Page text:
What Causes Sports Injuries And How To Prevent Them

Expert advice on the best warm-up and cool-down exercises, how to protect yourself from fractures, sprains and strains, and more. 

By Sasha Gonzales        20 June 2022

Exercising, training and playing sports are great for your health and can help improve your athletic performance, but they can also cause injury.

According to Joan Liew, a fitness coach and bodybuilder and the co-founder of Fitness Factory, injuries can be caused by pushing yourself too hard, too fast, not warming up before the training or sports session, hyperextension of the ligaments and muscles, having been inactive for too long, or the improper use of sports equipment.

Overtraining is also a big cause of sports injuries.

“This occurs when you continue to train despite apparent signs of overtraining,” Joan explains. “As a result, many athletes believe that weakness or poor performance signals the need for even more training. Unfortunately, this only depletes the body further. Overtraining can be difficult to recover from and may require weeks or months off from exercising – something that’s especially challenging if your life revolves around your sport.”

Types of sports injuries

The most common sports injuries include:

Sprains: Sprains occur when ligaments are torn or overstretched in a particular body part, says Joan. These may result in some pain and swelling.

Strains: Overstretching or tearing ligaments can lead to strains, whereas muscle strains are caused by overstretching your muscles and tendons. Tendon connects bone to muscle through thick, fibrous connective tissue. Joan adds that you may experience pain and be limited in movement.

“Other than exercises and athletic activities, strains may also result from overexertion, prolonged repetitive motion, falling or slipping, or from simply standing or sitting in one place for too long.”

Knee injuries: Your knee may be overstretched or have a tear in the muscles or tissues.

The anterior cruciate ligament (ACL) is an important ligament that stabilises the knee joint. It connects the thigh to the shin. Joan says that an ACL injury tends to occur when a person changes direction suddenly, jumps and lands, or pivots while still resting their foot on the ground. When the injury occurs, you might hear or feel a “pop” in your knee.

“A torn ACL can cause swelling, instability, and pain in the knee that makes it difficult for you to carry your weight,” she points out.

Fractures: Our bones are strong and flexible, but fractures can still occur, especially when we play sports, Joan states. Falling, repetitive trauma or being hit directly can cause a bone fracture if a force is applied greater than the bone’s own strength.

There are four types of injury based on severity:

  • Closed fractures: Those in which the bone has not penetrated through the skin
  • Combined or open fractures: When the bone has broken through the skin, leaving the fractured bone exposed to infection.
  • A partial or incomplete fracture: Bones that have not yet broken into two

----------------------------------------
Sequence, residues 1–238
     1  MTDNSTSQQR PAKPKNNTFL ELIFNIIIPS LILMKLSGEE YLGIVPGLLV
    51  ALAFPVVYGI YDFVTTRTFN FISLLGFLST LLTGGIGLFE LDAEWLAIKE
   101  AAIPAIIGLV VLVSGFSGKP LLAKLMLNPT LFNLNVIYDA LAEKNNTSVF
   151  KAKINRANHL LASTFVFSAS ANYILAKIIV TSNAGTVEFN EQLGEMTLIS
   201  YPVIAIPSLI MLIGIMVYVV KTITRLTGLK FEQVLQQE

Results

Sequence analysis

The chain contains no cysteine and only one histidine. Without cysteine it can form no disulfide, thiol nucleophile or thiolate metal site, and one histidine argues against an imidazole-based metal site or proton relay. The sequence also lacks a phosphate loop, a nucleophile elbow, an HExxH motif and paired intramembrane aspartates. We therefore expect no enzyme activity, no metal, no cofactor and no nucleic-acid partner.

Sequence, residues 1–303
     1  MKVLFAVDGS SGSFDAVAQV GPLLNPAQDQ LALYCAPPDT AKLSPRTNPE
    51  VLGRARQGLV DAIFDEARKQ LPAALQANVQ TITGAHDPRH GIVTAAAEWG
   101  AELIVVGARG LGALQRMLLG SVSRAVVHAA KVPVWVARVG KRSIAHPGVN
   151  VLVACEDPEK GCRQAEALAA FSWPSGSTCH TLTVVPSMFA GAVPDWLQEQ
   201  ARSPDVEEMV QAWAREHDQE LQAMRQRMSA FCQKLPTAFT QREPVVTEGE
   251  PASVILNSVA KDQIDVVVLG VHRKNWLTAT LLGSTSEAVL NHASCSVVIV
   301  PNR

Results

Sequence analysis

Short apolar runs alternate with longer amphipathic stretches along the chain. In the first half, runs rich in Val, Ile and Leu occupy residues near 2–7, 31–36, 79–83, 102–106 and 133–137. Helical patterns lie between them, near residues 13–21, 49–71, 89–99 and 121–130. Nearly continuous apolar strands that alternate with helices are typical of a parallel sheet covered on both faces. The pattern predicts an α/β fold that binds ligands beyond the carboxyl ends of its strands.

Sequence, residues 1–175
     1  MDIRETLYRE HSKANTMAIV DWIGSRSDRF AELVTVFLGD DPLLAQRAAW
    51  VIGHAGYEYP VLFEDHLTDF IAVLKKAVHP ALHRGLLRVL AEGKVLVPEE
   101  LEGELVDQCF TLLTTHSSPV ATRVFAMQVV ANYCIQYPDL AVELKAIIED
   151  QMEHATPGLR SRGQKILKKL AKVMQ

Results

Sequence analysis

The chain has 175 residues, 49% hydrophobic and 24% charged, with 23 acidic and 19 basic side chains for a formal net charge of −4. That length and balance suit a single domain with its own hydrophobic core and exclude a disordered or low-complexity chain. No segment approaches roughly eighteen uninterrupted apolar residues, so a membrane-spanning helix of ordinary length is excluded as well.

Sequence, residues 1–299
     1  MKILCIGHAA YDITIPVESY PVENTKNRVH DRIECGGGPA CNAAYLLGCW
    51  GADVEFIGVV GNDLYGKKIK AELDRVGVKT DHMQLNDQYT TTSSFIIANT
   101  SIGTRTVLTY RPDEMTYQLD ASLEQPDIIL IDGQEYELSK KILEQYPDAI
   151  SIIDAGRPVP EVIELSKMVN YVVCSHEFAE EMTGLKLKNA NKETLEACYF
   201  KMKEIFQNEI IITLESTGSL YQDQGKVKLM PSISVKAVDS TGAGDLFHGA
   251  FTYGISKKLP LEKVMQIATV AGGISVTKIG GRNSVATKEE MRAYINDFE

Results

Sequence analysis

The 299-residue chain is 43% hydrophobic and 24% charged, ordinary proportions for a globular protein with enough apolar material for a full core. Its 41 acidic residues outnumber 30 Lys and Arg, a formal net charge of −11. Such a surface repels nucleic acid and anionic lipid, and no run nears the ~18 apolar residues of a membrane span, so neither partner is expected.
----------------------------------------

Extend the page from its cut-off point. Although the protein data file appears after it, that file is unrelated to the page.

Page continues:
• A complete fracture: Bones that have completely broken apart

Bones that are commonly fractured are located in the hand, wrist, foot, ankle and collarbone.

Preventing sports injuries

What exercises can be done to prevent injuries related to sports or training?

Joan says that warming up and cooling down the right way are essential.

“The advantages of warming up are that it minimises your chance of pulling a muscle, decreases joint pain, reduces your chance of injury, and can reduce muscle soreness after you’re done training or playing sports.”

Warm-ups should last from five to 10 minutes. The exercises should mimic the ones you’ll be performing during your actual sports session. In the case of weight lifting exercises, for example, you should practise the same movements without the weights.

The best warm-up exercises include leg bends, leg swings, shoulder/arm rotations, jumping jacks, jump rope, lunges, squats, a slow walk or jog, yoga, standing side bends, lateral shuffles, butt kicks, knee bends, and ankle circles.

Your cool-down (or what’s known as the recovery period) usually comprises exercises that are done at a slower pace and a reduced intensity.

Says Joan: “Cool-down exercises help to gradually lower your heart rate and breathing, reduces the chance of you fainting or experiencing dizziness, helps remove lactic acid from your muscles, and prepares your muscles for your next training or sports session.” All of the warm-up exercises can be used as cool-down exercises.

Know your own body and how far you can push with a fitness check-up. SAFRA members receive 10% off at DexaFit Asia; more info at www.safra.sg/promotions/dexafit-asia

Nutrition is also key for post workout recovery and to prevent injury. Try organic vegan protein powder from LyteProtein – SAFRA members enjoy up to 15% off. More info at www.safra.sg/promotions/LyteProtein

Read more on how to stretch and get warmed up properly before your workout:

Stretch & Get Prepped For Your Gym Workout!
6 Simple Yoga Stretches & Top Tips For Practising Yoga

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